Monday 28 September 2009

Gold is Where You Find It (1938)

Director: Michael Curtiz
Stars: George Brent, Olivia de Havilland, Claude Rains and Margaret Lindsay
Having just watched a Michael Curtiz film that didn't really engage, the odds of seeing another one are slim, Curtiz being one of the most reliable workhorses Hollywood ever had. This one is a much more lavish affair than Stolen Holiday, made in Technicolor for a start, even though it's 1938. It hasn't aged too well technically, because the colour process makes it seem a little blurry and the dialogue is a little too easily lost in the mix. The opening narrative segment doesn't help either, being helpful but done in an old school rapid fire newsreel style. It points out that while we're in California seeking gold, we're not in the gold rush of 1849 but the later days of 1877, when it's done by companies with serious machinery.

What we're watching is a Californian conflict. One on side are these important companies with their power and influence, who hollow out the mountains above Sacramento with their high powered hoses to extract the gold within. On the other are the farmers who own the wheat fields below those mountains, who are on the receiving end of the deluge of water and muck from the gold companies above that pollute their wells and wash out their fields. Spanning the two worlds is newcomer Jared Whitney.

He's come to California to be a mining superintendent at the Golden Moon Mine at Tenspot, mushroom mining town above the quiet Sacramento Valley. He ends up tied up with the Ferris family who run a large ranch in that very valley. He meets them by saving young drunken idiot Lance Ferris from doing something dumb in a bar, but stays with them because he falls for Lance's younger sister Serena, also known as Sprat. Needless to say, this doesn't make her father happy, Col Chris Ferris, who is one of the most respected farmers in California and their voice in society.

Whitney is George Brent, who heads a pretty impressive cast. While I've seen him later than this, I don't think I've ever seen him in colour before and it looks wrong somehow. He was from a different era, the black and white era and he doesn't look right outside of it; even though his final film, the aptly titled Born Again, was released in 1978, that was a full 22 years after his previous one. He holds his own here, being an able and experienced lead and a very well spoken one. However it doesn't help that he was 39 and his romantic interest here was 22 and playing 17. Maybe Errol Flynn would have been more appropriate, especially given his connection to many of the cast.

That romantic interest is Olivia de Havilland, who looks as at home in colour as Brent doesn't, probably because she appeared in what seems like every great early Technicolor film Hollywood made. She went from this to The Adventures of Robin Hood and a year later she'd make both The Private Lives of Elizabeth and Essex and, of course, Gone with the Wind. She's one of the best things about this film, not just a capable love interest but a forward thinker too, a society lady and a working woman. She gets plenty of screen time and she makes the most of it. Sprat Ferris is so much better a role than Melanie Wilkes that it's almost unreal.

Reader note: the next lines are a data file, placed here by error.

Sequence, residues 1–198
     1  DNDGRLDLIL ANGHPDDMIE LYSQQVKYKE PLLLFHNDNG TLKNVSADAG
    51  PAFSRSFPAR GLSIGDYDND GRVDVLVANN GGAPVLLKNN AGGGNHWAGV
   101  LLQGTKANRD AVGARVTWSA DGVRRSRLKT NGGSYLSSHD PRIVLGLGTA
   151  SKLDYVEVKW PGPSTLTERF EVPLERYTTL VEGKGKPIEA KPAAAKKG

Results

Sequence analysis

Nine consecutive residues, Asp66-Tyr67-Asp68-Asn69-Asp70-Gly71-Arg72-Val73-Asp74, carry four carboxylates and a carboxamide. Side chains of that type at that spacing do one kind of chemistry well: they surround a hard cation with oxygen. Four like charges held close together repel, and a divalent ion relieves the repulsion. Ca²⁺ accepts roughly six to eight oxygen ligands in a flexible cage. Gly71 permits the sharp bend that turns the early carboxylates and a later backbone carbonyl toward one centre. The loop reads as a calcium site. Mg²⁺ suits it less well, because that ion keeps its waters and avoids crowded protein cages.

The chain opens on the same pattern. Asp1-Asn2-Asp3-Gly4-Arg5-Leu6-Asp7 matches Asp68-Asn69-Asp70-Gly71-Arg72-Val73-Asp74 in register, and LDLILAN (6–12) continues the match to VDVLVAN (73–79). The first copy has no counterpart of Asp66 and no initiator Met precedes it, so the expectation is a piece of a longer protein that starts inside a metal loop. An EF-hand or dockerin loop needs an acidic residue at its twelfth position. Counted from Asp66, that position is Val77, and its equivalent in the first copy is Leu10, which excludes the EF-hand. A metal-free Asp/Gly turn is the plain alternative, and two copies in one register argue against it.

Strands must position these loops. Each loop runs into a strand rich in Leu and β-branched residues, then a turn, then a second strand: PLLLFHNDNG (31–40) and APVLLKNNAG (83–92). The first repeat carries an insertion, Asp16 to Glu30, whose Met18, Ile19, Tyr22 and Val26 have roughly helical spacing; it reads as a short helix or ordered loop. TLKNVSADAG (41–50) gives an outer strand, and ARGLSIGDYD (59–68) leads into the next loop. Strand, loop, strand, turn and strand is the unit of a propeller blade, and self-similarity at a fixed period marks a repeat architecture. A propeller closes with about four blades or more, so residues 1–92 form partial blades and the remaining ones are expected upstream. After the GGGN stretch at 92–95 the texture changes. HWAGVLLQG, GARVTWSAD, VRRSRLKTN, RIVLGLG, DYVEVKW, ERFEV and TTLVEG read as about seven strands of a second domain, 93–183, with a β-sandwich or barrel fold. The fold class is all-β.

There's a serious cast to back them up. Col Ferris is Claude Rains, looking as old as I've ever seen him in silver hair and Technicolor. His voice of authority over the farming community is powerful; he's precisely who we'd choose to represent us if we were farmers facing ruin. His family is entirely recognisable. Son Lance is Tim Holt, still new here but with only a year to go to Stagecoach. His brother Ralph is John Litel and his wife Rosanne is Margaret Lindsay, who also seems a little strange in colour too but its just another facet to her appeal, to go with her instantly recognisable and melodious voice.

Lindsay's father, Harrison McCooey, the arch villain of the piece who runs the mining company, is Sidney Toler, playing a white man, for a change. His foreman at Golden Moon Mine is a deliciously ruthless Barton MacLane. Backing them up are recognisable names like Gabby Hayes, Harry Davenport, Willie Best, Moroni Olsen and Marcia Ralston. The cast is universally solid and they get some good material to work with. I particularly liked the offhand remarks to place historical context. We're told in conversational asides about strange new inventions from Bell and Edison, and at a party, George Hearst, United States Senator, dismisses his son Willie's attempts to move into newspapers. Nobody's going to make money in newspapers, he suggests, though with hindsight we realise that William Randolph Hearst did pretty well at it.

There are problems with the story though, as this Technicolor film is black and white at heart: the good guys are good and the bad guys bad, with only Jared Whitney spanning the gap between the two. There's so much thrown in here that this rare mix of a whole slew of genres inevitably ends up a little unsure at what it really wants to be. It's a historical drama about the clash between two old industries and the growth of a new one; it's a western, of course, because of the setting and because of a conflict that turns physical; it's a love story between Jared and Sprat; it veers off at points into a courtroom drama and a thriller and there's even a special effects finale. Throwing all this into little over an hour and a half is a little ambitious and it does deliver pretty well but nowhere near the heights that its ambition aimed for. Maybe at twice the length with more background and depth it could try a little more at the shades of grey that were so sadly lacking. Maybe then it couldn't have been shot in Technicolor.

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